Native American Artists-in-Residence to Focus on Dakota Arts and Games and Ojibwe Woodcarving

Published July 10, 2019

ST. PAUL, Minn.  — The Minnesota Historical Society (MNHS) announced on Tuesday two recipients for the 2019 Native American Artist-in-Residence program. This is the fifth year of the program which is designed to help revitalize traditional forms of Native American art. Each artist will serve a six-month paid residency to study the collections at MNHS and other institutions to aid in a better understanding of their respective art forms. They will also share this knowledge by developing community-based programming in their home communities.

The 2019 awardees are:

Jeremy Red Eagle is a member of the Sisseton Wahpeton Oyate. He lives in Waubay, South Dakota.

Red Eagle plans to explore items in the MNHS collections including bows and arrows, and games, like Creator’s game (traditional lacrosse), that play a part in defining roles for young men and boys in the Dakota community.

Red Eagle feels that sharing this work with his community is important because “teaching our traditional arts and games intertwine cultural teachings, values and revitalize the cultural significance [that] utilitarian arts bring to [a] cultural value system.”

 

 

Gerald White is a member of the Leech Lake Band of Ojibwe. He lives in Deer River, Minnesota.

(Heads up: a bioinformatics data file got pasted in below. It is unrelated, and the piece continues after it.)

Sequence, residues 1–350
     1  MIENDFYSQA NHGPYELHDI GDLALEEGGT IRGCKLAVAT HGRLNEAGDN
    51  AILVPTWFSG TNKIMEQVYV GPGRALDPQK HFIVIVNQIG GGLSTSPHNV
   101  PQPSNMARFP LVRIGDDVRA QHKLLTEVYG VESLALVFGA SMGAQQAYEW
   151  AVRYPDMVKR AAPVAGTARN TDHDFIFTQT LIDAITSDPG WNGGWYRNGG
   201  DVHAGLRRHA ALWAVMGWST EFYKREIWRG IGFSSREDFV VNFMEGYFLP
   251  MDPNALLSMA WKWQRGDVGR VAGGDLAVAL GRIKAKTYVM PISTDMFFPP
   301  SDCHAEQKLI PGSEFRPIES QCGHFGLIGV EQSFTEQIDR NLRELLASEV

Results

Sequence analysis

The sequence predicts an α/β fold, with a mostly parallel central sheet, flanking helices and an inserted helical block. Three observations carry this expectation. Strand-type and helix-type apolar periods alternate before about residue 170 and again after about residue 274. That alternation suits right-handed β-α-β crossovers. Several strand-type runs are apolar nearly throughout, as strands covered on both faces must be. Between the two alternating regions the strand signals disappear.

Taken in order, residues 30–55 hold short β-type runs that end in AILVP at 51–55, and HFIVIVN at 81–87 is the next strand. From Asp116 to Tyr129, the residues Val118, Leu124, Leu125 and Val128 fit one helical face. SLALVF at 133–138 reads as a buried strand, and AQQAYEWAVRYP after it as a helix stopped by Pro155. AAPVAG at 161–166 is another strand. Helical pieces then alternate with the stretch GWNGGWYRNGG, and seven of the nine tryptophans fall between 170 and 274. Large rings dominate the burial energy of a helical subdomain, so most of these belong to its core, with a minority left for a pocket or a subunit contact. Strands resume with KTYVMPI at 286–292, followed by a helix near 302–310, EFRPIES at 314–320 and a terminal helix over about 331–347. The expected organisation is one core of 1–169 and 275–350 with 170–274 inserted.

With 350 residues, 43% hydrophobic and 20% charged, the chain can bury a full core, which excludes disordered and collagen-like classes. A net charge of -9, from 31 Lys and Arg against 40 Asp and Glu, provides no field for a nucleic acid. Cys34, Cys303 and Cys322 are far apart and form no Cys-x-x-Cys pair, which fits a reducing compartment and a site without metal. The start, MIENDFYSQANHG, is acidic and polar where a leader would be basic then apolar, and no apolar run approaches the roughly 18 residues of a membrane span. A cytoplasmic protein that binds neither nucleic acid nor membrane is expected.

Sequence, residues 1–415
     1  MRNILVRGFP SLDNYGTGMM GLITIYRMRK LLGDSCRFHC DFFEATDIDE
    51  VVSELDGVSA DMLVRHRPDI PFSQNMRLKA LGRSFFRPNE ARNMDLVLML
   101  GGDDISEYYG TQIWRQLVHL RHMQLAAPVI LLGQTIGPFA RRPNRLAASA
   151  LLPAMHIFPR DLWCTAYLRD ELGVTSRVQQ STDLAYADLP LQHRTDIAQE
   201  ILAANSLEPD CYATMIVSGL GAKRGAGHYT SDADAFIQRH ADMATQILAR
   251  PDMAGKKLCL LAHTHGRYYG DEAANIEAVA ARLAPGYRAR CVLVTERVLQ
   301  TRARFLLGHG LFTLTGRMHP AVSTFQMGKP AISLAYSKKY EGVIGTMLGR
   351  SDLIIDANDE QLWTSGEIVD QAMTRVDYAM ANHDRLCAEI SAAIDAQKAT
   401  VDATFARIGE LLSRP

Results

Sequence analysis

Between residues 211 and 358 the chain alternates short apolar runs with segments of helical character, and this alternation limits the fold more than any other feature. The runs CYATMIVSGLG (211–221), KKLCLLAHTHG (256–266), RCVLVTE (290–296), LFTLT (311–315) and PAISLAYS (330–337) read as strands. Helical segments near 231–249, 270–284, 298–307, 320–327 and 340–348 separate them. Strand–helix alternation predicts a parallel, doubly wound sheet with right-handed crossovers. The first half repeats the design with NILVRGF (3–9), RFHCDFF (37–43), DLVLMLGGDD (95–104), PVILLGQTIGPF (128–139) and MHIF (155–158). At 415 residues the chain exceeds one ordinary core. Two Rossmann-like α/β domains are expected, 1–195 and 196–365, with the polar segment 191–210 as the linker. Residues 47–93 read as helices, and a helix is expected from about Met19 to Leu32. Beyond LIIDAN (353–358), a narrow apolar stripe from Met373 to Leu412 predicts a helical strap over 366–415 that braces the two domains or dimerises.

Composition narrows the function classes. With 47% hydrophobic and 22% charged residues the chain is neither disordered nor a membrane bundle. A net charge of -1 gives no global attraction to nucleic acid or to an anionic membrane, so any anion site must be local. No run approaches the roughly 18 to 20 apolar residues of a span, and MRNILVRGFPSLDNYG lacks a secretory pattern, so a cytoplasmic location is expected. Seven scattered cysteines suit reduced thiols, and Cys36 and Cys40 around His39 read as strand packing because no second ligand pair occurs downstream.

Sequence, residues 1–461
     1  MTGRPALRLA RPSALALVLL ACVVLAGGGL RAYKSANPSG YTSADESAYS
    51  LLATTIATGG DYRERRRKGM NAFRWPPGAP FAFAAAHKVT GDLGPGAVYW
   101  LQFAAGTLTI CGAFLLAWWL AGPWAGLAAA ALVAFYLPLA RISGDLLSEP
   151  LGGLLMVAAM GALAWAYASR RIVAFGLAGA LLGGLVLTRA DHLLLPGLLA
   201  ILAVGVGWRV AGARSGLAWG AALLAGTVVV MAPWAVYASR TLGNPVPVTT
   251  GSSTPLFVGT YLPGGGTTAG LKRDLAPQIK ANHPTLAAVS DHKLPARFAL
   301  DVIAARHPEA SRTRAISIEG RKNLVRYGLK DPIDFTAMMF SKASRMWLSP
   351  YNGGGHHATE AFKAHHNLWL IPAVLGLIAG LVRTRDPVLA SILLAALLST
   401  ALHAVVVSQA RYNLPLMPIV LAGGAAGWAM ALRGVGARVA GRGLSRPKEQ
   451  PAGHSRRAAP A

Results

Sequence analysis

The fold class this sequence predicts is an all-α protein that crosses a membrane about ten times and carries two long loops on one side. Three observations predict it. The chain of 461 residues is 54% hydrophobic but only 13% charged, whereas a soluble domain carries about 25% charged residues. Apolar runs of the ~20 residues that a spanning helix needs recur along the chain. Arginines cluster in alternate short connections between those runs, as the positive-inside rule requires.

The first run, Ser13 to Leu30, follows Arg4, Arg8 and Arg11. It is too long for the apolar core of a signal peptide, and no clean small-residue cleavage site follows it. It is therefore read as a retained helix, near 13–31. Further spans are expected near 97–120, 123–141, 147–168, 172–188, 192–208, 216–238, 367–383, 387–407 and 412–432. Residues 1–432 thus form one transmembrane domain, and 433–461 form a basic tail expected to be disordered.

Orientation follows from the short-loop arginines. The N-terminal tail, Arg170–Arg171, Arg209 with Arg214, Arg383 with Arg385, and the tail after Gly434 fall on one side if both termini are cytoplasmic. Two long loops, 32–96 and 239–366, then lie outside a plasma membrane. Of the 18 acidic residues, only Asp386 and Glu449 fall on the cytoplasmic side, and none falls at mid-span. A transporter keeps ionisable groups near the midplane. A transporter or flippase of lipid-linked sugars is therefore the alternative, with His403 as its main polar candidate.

White is an educator and woodcarver who plans to examine biikwaakadoo-baagamaagan or ball-headed clubs in MNHS collections. Initially used as implements of war, today the clubs are more commonly seen with powwow regalia, specifically the Woodland style, in which White dances.

Through his community project, White hopes to “…promote the woodland dance and associated regalia and authentic materials, especially the warclub.”

The 2019 Artists-in-Residence were selected based on the recommendations of a panel consisting of experts in the field of Native arts, history and culture. Find out more about the program and view works by previous awardees.In addition to the residencies, two additional Encouragement Grants have been awarded to support artists to continue with their cultural arts and research. The grants consist of a stipend and a paid research visit to MNHS collections. The 2019 Encouragement Grant awardees are Jennie Kappenman, Red Lake Ojibwe, and LaVerne Whitebear, Fort Peck Assiniboine and Sioux and Sisseton Wahpeton Dakota. 

The Native American Artist-in-Residence program is made possible in part by a grant from the Margaret A. Cargill Philanthropies.

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